Adam Brown lined up a job in March with a consulting firm in Edmonton. He just started there this week.
Brown counts himself among the lucky ones — luckier than many of his friends whose summer-job options, like so many students’, have been hard-hit ever since pandemic-related restrictions took hold in March.
Statistics Canada reported the youth employment rate dropped to 49 per cent at the outset of the pandemic, the lowest since comparable data began being gathered in 1976, and the unemployment rate (the proportion actively looking for work and unable to find it) hit 16.8 per cent, the highest mark since June 1997.
Job prospects may be different for different students, Brown said, depending what they’re studying.
But “most students are still probably having difficulties locking down jobs,” said Brown, the outgoing chair of the Canadian Alliance of Student Associations.
“We’ll have to see as the summer progresses if job markets are actually going to open with more availability for students because the service industry in particular, I think, is going to take a lot longer to get back on its feet.”
On Friday, Statistics Canada will report preliminary jobs figures for April, and a broader data set on students next week.
The reports aren’t expected to show the situation improving, but having gotten worse as economic activity contracted further. BMO is predicting Friday’s labour-force survey will show a loss of 4.5 million jobs in April, and an unemployment rate that could hit 20 per cent.
Job postings on Indeed.com for community-services positions, which would include common summer jobs for students like camp counsellors, are all sharply down from last year, said Brendon Bernard, the website’s economist.
“At the moment, the summer-job market is going to be tough for students,” he said.
“That was a key impetus for the government to launch a specific student-oriented supplement to the emergency benefit system that was rolled out for all workers earlier in the month.”
The $9-billion aid package includes money for skills training, wage subsidies and work placements, trying to create tens of thousands of positions. The Liberals also retooled the popular Canada Summer Jobs program, hoping it would help companies put students on their payrolls.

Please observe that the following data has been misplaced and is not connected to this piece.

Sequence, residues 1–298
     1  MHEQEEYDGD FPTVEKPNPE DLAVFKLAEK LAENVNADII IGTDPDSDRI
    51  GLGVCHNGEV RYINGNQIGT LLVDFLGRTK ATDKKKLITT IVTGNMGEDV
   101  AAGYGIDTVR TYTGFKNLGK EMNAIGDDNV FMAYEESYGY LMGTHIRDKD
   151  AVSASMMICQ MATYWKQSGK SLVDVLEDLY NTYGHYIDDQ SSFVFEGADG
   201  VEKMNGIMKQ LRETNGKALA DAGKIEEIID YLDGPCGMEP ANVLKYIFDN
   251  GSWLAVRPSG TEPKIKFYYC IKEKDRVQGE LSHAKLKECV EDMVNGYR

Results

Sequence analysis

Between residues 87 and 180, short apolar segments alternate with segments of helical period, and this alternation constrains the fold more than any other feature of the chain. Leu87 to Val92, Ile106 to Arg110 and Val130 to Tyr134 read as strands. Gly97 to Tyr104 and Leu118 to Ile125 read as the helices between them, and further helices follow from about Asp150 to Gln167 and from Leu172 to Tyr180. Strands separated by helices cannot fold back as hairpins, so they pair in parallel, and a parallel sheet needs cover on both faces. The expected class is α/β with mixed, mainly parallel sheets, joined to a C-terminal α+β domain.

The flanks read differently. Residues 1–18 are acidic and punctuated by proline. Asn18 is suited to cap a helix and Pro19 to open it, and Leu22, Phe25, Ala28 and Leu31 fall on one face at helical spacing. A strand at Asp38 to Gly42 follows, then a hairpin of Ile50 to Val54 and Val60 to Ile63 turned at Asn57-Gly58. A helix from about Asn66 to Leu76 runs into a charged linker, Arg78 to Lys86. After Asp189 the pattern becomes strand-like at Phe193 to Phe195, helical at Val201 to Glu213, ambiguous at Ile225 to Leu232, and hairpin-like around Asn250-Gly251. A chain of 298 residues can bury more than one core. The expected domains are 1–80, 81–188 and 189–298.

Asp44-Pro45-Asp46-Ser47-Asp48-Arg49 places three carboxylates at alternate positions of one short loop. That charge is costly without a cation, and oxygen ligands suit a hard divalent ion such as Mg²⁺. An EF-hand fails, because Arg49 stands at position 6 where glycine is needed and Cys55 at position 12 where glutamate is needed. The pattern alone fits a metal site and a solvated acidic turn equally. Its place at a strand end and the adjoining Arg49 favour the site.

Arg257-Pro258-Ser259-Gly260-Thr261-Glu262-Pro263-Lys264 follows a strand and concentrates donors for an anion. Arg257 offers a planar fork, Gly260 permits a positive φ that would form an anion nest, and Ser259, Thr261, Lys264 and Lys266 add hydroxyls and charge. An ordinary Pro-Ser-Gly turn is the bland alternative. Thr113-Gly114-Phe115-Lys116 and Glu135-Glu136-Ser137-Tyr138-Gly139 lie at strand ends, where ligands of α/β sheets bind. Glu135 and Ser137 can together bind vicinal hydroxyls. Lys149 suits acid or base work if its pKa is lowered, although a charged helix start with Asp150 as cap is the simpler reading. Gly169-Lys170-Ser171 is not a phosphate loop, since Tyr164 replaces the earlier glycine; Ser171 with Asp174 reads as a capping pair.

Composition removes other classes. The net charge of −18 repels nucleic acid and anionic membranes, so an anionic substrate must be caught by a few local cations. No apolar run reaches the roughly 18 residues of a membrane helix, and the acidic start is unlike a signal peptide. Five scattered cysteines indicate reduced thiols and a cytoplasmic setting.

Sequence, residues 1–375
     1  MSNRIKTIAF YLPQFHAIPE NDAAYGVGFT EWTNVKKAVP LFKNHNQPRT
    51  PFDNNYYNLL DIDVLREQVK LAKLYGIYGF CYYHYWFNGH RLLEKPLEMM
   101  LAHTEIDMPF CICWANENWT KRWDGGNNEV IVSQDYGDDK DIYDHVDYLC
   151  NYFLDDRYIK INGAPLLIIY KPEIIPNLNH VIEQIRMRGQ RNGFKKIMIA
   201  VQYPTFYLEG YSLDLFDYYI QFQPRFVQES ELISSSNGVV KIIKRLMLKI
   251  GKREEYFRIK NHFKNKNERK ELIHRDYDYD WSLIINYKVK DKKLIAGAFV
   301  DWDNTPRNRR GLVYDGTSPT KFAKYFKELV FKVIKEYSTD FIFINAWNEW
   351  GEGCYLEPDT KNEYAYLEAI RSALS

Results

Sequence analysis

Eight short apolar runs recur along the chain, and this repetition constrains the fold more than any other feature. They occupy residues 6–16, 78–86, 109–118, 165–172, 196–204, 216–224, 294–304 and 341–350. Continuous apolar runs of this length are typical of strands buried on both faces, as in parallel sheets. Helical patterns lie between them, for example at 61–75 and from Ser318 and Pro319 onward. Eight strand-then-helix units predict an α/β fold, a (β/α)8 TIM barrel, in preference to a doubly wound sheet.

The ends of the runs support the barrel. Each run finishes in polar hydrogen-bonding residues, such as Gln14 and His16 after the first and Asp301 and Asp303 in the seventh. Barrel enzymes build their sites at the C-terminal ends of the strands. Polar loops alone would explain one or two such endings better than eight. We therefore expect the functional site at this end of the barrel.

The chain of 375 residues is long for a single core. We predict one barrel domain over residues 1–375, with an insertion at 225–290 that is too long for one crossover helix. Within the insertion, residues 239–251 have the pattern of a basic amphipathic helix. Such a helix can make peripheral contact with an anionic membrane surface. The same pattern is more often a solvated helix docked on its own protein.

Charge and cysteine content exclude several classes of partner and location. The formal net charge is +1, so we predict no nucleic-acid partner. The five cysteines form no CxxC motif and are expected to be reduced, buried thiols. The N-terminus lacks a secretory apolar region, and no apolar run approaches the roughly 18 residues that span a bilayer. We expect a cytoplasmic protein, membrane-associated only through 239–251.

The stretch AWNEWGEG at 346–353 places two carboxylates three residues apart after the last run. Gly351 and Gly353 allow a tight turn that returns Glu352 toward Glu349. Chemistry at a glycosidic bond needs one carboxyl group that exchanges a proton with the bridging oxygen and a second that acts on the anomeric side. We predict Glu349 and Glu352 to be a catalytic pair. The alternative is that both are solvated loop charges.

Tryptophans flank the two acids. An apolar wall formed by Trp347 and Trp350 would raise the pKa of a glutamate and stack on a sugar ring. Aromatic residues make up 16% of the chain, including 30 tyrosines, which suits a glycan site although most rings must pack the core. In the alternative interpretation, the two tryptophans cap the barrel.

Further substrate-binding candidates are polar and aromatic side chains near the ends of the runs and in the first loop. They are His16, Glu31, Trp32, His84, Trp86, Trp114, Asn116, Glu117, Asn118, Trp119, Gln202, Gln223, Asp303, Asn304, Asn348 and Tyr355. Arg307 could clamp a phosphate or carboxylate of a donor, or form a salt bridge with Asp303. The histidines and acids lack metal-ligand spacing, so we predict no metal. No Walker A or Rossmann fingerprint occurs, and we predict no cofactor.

Many small businesses that use the program to help hire students were keen to use it, but have since voiced disappointment after learning the additional funding or positions were only available to those who had already signed up to use the program, said Dan Kelly, president of the Canadian Federation of Independent Business.
“One of the biggest challenges many employers have with student employment is a lack of available students for the work they have on offer,” Kelly said.
“This year is likely to be somewhat different as many employers have reduced their regular workforce.”
Federal figures published Wednesday show that there are 7.59 million people who have applied for the Canada Emergency Response Benefit through to Tuesday, with the treasury paying out $28.57 billion in benefits. The program has a budget of $35 billion, and targets workers who have lost jobs or work opportunities or now earn less than $1,000 per month as a result of the pandemic.
Many students have been able to access the $2,000-a-month benefit, Brown said, but there are gaps in the program.
Jamie Woodward fell through one of them.
The 17-year-old started working two part-time jobs in January — one at a grocery store, another at a restaurant in the Ottawa area — only to have his hours cut in March. He, like other young people predominantly employed in the service sector, lost his restaurant hours when the establishment closed, and the grocery store has cut back.
Friends who lost their jobs have received federal aid, Woodward said.
“I have someone who’s got $3,000 from CERB, which doesn’t make any sense,” he said.
Woodward continues to work, but doesn’t seem to qualify for any federal programs. He’s also waiting on details of the federal government’s student-aid programs to see if there’s anything there that can help.
Treasury Board President Jean-Yves Duclos said on Wednesday that the government will soon provide more specific information about the design of the student supports. He said payments to students should be as swift as payments for the CERB.
The $1,250-a-month benefit for post-secondary students is targeted at those whose finances are impacted by the pandemic, with payments covering May to August.
Jordan Press, The Canadian Press
Like us on Facebook and follow us on Twitter.